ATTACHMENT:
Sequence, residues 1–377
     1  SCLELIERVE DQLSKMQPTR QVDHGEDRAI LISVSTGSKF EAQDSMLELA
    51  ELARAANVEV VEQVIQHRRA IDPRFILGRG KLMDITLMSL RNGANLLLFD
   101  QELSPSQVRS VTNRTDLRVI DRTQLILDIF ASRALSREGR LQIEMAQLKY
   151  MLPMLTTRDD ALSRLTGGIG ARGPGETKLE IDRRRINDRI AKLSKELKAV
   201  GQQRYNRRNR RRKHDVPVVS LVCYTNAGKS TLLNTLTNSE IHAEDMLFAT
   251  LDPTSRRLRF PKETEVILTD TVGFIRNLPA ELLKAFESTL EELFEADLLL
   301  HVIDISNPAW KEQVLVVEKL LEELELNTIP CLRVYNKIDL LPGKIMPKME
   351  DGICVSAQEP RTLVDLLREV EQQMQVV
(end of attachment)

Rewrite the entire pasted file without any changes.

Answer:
Sequence, residues 1–377
     1  SCLELIERVE DQLSKMQPTR QVDHGEDRAI LISVSTGSKF EAQDSMLELA
    51  ELARAANVEV VEQVIQHRRA IDPRFILGRG KLMDITLMSL RNGANLLLFD
   101  QELSPSQVRS VTNRTDLRVI DRTQLILDIF ASRALSREGR LQIEMAQLKY
   151  MLPMLTTRDD ALSRLTGGIG ARGPGETKLE IDRRRINDRI AKLSKELKAV
   201  GQQRYNRRNR RRKHDVPVVS LVCYTNAGKS TLLNTLTNSE IHAEDMLFAT
   251  LDPTSRRLRF PKETEVILTD TVGFIRNLPA ELLKAFESTL EELFEADLLL
   301  HVIDISNPAW KEQVLVVEKL LEELELNTIP CLRVYNKIDL LPGKIMPKME
   351  DGICVSAQEP RTLVDLLREV EQQMQVV